talks with gurdjieff
george ivanovich gurdjieff (1866-1949)

prieuré, february 9, 1923

as it is with everything, so it is with movements. movements are performed without the participation of other parts of the organism. such movements are harmful for the organism. it is useful for its consequences. i emphasize for its consequences. but, for the particular scale to which the organism is accustomed, every movement which exceeds this scale is harmful at first, for a short time. movements become useful in the future if they are accompanied by proper calculations.

movements, taken as work, can be divided into the following categories:

1) when one takes the peculiarities of a man's constitution into consideration, both those present now and those which may be likely in the future.

2) when breathing participates in movement.

3) when thought participates in movement.

4) when a man's old, constant, unchangingly characteristic movement takes part.

only if movements are connected with the things which i have enumerated can they be useful for ordinary, everyday life.

i separate the idea of everyday life from the idea of life connected with work for self-perfection and inner development. by everyday life, i mean a normal, healthy life.

for our work, apart from the four categories i have enumerated, we have to join our normal feelings and sensations with movement, as well as the special feeling and special sensation which we are aiming to acquire. this other sensation should be acquired without destroying the sensations already present.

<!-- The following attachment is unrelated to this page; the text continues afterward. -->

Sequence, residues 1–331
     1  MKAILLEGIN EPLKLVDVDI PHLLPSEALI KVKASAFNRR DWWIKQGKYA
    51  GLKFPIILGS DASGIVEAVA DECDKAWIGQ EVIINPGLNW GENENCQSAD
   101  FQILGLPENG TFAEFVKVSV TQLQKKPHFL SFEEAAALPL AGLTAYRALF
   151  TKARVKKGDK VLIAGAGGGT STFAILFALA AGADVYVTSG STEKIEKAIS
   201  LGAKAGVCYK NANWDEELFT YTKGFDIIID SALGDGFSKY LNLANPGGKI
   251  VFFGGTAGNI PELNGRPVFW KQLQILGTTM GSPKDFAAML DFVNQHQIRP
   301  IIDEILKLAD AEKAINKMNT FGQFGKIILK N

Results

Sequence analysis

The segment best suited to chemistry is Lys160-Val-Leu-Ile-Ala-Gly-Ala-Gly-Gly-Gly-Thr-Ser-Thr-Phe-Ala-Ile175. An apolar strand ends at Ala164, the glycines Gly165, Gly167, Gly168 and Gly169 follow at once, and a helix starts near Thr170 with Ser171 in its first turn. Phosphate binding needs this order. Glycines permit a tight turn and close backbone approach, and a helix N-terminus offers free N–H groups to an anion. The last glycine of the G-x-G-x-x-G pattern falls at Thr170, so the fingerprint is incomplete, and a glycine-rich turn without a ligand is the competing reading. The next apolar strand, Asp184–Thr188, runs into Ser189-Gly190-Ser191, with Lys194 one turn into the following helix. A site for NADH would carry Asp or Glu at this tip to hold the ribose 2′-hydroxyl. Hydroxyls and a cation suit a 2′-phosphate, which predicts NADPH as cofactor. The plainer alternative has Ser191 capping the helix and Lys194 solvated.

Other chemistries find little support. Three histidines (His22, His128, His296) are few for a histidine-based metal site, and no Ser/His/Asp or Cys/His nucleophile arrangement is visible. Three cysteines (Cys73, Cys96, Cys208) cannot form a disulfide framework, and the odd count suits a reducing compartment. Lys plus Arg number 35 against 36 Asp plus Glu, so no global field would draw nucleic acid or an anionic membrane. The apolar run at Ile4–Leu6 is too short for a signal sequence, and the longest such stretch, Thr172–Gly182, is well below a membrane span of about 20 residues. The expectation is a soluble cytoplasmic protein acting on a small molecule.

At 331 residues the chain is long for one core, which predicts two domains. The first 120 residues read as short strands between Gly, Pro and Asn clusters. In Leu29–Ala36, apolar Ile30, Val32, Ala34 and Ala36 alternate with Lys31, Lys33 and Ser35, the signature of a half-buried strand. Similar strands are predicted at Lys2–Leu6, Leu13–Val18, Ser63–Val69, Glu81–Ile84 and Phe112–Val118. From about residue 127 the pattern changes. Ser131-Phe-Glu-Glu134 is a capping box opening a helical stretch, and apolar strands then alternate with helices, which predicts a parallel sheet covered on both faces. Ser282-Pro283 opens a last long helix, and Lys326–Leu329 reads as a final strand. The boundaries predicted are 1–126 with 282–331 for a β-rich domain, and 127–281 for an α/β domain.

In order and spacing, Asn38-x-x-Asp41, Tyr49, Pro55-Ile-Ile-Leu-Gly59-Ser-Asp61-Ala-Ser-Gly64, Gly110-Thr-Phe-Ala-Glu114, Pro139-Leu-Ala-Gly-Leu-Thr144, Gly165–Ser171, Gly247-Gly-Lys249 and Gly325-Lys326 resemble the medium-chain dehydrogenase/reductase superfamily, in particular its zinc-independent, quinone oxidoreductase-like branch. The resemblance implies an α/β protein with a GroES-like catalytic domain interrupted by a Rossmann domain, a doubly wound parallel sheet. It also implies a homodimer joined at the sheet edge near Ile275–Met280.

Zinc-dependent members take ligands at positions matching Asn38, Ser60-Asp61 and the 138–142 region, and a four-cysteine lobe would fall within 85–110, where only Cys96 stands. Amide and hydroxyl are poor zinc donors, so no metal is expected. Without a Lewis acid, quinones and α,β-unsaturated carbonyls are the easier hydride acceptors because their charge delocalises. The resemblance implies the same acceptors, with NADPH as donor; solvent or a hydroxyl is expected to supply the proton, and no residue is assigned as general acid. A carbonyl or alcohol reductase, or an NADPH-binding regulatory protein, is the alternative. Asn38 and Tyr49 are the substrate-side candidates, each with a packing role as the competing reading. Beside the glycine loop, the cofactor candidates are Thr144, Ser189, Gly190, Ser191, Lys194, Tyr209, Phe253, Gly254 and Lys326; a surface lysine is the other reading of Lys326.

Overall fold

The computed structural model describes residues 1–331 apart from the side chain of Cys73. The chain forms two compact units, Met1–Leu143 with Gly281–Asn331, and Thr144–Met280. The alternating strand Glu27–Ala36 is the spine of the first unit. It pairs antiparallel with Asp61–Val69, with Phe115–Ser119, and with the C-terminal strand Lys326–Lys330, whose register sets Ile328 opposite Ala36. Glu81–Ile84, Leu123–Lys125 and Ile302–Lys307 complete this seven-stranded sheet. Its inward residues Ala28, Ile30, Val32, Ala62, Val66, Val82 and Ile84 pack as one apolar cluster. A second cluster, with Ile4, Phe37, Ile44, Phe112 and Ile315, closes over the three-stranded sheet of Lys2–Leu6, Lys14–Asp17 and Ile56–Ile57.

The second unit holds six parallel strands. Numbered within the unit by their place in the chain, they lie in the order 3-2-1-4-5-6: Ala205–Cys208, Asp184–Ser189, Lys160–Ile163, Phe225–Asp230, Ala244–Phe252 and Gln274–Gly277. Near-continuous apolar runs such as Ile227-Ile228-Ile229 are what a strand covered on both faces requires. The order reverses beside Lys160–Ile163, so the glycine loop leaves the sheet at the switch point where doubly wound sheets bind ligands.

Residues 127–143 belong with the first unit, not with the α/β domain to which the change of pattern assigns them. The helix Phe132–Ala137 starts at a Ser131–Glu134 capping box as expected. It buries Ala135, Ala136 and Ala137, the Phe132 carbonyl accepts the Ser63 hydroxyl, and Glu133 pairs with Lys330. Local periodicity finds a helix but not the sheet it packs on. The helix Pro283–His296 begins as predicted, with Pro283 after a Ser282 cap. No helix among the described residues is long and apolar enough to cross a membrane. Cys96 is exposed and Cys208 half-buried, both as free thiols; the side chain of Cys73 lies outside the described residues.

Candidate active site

so there are four conditions.

thus you see that to make a movement truly useful we must gradually join with it all the above-mentioned other movements of a different category. you must realize that only then can a movement be useful. no result can be expected if even one of the conditions mentioned is lacking.

the easiest of our movements is that crude organic movement which we are able to do (which we have studied already). the movements we have been doing so far are those that all people do, and everyone can do them. and although the movements we shall be doing may look complicated at the first glance, they can easily be done by everyone if they are sufficiently practiced.

however, if we begin to add these movements one of the conditions i mentioned, it will prove much more difficult and will no longer be possible for everyone. and if we gradually add to it several conditions, such a movement will become possible for only a very limited number of people.

in the end, in order to make a beginning in achieving the aim for the sake of which we began to study movements, it is necessary gradually to join to the movement which proceeds in us the conditions i spoke about.

now, to begin with, it is essential to pick out the more or less appropriate types. together with this we shall gradually study and practice the second condition—that is, breathing.

at first we shall be divided into groups; later we shall divide groups themselves, and in this way shall come to individuals.